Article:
Suffering concussion, food poisoning and scarlet fever at three successive major tournaments would put most people off playing sport again, but that hasn’t stopped one young keen ice hockey player.
Callum Buglass, 12, of Mendip Road, Llanrumney, caught scarlet fever while playing for England recently in the 50th Quebec International Pee-Wee ice hockey tournament in Canada.
Callum, who usually plays for the Cardiff Devils under-14s, was out of action for the last two days of the tournament, which attracts around 2,300 young hockey players from 16 countries around the world. More than 200,000 spectators were expected to have watched the 10-day competition which took place between February 11-22.
Callum, whose favourite subject is sport at Llanrumney High School, has had a history of bad luck over the last few tournaments. When representing England at a hockey competition in Holland last March, he got concussion after hitting his head during a match. He went to hospital for three days and missed the rest of the four-day series of matches.
The following regional conference in Hull last May ended with Callum suffering from food poisoning. That time, Callum missed out on representing the South West in the last day of the weekend finals, including the key deciding match which would have given them a shot at the winning title. They drew 1-1 in the decider, and the team ended up coming third overall, by which time Callum was already on his way back to Wales nursing an upset stomach.
“Callum complained: ‘Why is it always me,’” said father Scott Buglass, who runs Crwys Shoe Repairs on Crwys Road, Cathays.
This is Callum’s fifth season of ice hockey since he started playing at seven-years-old. By the age of nine, he was captain of his team.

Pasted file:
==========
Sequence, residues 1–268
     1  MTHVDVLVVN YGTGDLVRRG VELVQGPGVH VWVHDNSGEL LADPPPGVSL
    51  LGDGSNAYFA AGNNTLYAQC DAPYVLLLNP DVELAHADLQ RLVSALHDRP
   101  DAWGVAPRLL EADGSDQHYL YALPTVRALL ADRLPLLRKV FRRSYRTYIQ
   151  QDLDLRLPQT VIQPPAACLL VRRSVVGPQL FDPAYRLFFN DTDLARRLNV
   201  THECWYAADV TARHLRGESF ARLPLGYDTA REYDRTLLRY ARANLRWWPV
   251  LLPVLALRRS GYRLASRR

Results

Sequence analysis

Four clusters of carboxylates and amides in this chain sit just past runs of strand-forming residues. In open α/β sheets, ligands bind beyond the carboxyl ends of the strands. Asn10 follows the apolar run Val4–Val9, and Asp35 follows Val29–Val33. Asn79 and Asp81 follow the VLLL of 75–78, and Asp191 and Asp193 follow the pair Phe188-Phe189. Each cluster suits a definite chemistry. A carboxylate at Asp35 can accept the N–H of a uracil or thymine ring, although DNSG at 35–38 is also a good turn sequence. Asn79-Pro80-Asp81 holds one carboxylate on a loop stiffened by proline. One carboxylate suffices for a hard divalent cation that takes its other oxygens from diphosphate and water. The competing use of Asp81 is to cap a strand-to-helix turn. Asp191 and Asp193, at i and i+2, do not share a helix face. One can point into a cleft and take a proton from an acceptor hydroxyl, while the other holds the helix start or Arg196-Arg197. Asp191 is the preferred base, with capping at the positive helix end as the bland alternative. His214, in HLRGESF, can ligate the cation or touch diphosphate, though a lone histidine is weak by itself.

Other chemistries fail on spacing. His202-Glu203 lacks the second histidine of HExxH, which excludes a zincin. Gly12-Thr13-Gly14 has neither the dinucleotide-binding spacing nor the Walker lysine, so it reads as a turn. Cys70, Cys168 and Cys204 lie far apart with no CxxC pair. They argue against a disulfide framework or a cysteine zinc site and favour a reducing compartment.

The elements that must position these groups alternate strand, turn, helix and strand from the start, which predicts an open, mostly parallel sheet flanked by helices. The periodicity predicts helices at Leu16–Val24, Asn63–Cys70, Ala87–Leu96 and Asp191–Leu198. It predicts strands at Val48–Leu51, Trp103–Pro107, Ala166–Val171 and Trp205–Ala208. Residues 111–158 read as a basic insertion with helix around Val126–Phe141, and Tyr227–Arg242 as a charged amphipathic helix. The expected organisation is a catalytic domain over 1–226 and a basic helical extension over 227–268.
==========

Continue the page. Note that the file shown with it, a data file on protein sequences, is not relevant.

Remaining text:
His commitment has seen Callum travel to Sheffield every weekend for training with the England squad as well as regular Cardiff Devils’ sessions.
The dedicated player was back on the ice on the following Sunday’s match where Cardiff under-14s played Bracknell, despite being weak from scarlet fever after losing a stone in weight and still on antibiotics.
“I started watching ice hockey when I was younger, and my grandfather asked if I wanted to try it for my birthday, so I did,” said Callum, whose grandfather Bill Buglass is a Cardiff Devils fan. “What I love most about ice hockey is having fun and skating around.”
Ice hockey is Callum’s favourite sport, which he plays all year round by ice skating and shooting nets in the summer.
“He never misses a Cardiff Devils match,” said dad Scott, who went to Canada with Callum along with mum Tracey, sister Amy, 9, and grandfather Bill. “When he’s not playing ice hockey, he’s watching it. He always had a passion for watching it from a young age, and I think he pays attention to how people skate and their techniques, and then he copies it. He’s very good at moving into the spaces.”
While staying in Quebec City, where it reached temperatures of -15C, Callum got to try out different rinks and fell in love with the country.
“He would go back to Canada tomorrow if he could,” said his dad. “He hopes to become a professional hockey player and one day move to Canada.
“Callum could make it as a British player but it’s harder to make it professionally in the UK. Unless you’re one of the top British players, you would need a second job because it won’t pay enough.”
For Callum, becoming a top ice hockey player is his ultimate goal.
“I can’t imagine doing anything else,” he said.
His next big tournament will see Callum representing the South West in Hull over the Bank Holiday weekend between May 2-4. Needless to say, he’s hoping it will be injury-free this time.
This article appeared in the South Wales Echo on 11 March 2009.